The detail optimization enables a user to specify an amount of detail provided in the generated plans. Detail optimization provides flexibility with respect to the amount of time required to generate a single plan. Thus, in cases where not many details are required in a plan, detail optimization allows a user to generate several overview or high-level plans within the same time period as required to generate one detailed plan.
The present system may be embodied in a utility program such as a multi-plan generation utility program. The present invention also provides means for the user to identify a set of optimum plans for a storage area network by specifying a set of requirements for the storage area network and then invoking the multi-plan generation utility (feature) to generate such plans. The set of requirements comprises a desired number of generated plans, a layer at which plan variance is desired, a storage requirement, an optimization criterion, a network type, a set of devices in the form of, for example, a device catalogue database, and user preferences with respect to a number, a type, or a manufacturer of devices.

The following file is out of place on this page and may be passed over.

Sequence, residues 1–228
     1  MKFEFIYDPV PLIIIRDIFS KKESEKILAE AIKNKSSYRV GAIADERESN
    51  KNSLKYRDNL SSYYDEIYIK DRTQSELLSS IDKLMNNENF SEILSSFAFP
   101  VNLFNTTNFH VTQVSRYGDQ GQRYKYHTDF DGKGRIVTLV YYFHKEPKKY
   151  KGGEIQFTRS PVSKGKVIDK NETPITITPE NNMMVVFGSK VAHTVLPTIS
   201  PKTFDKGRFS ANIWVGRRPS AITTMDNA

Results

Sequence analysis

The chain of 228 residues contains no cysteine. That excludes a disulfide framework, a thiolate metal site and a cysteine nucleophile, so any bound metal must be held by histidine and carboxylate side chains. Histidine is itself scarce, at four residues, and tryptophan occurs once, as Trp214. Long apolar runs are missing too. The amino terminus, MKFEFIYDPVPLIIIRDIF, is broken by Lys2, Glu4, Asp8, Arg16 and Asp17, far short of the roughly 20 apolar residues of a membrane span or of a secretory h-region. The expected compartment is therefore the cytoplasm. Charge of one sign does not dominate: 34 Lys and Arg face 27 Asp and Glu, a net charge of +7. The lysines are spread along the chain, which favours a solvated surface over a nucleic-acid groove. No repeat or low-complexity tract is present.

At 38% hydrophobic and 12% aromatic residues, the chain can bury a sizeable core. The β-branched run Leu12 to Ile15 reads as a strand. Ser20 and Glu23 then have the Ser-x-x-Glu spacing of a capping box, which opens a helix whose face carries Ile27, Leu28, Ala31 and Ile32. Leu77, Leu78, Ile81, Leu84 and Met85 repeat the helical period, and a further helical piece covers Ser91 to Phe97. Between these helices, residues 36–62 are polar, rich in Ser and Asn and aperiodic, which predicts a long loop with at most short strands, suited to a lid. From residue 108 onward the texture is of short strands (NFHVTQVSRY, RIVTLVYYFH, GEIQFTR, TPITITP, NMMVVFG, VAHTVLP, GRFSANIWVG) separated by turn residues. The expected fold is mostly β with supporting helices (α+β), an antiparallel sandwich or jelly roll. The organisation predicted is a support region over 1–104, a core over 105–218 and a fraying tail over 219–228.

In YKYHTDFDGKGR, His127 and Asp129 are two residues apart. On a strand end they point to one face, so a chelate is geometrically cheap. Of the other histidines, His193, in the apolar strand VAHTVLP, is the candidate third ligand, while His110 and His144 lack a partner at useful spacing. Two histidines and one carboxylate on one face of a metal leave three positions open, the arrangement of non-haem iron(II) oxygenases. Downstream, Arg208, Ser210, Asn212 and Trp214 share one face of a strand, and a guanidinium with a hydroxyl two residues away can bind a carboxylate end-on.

The host planner starts a variance optimization plan. The present system determines whether the host layer is the resolution layer, i.e., whether the host layer is specified as a variance layer. If the host layer is specified as the resolution layer, the host planner generates X optimization plans. If the host layer is not specified as the resolution layer, the host planner generates Y optimization plans. Values for X and Y are predetermined; X is greater than Y.
The various features of the present invention and the manner of attaining them will be described in greater detail with reference to the following description, claims, and drawings, wherein reference numerals are reused, where appropriate, to indicate a correspondence between the referenced items, and wherein: